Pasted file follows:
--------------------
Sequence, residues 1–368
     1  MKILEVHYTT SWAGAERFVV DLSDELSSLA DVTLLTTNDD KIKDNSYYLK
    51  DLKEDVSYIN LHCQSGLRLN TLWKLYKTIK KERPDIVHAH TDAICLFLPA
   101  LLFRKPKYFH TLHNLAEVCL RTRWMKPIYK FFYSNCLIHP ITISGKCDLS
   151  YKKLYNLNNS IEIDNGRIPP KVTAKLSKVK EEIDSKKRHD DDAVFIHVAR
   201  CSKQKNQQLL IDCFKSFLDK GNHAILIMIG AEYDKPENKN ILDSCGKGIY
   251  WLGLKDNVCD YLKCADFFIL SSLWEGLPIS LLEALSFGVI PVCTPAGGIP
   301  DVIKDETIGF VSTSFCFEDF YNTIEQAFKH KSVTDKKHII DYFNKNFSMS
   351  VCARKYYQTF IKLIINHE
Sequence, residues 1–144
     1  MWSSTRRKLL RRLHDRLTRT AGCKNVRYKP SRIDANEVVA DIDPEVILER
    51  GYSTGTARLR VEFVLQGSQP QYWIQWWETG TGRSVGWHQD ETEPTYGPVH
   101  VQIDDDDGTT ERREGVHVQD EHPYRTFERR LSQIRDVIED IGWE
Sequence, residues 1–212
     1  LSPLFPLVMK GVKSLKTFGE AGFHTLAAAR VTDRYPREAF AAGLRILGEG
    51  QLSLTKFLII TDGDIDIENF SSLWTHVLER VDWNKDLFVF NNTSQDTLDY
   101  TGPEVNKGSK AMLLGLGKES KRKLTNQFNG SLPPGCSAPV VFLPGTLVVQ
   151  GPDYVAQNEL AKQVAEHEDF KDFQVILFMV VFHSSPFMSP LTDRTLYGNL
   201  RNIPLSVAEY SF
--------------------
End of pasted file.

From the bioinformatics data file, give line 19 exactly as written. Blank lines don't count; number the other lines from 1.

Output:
   201  RNIPLSVAEY SF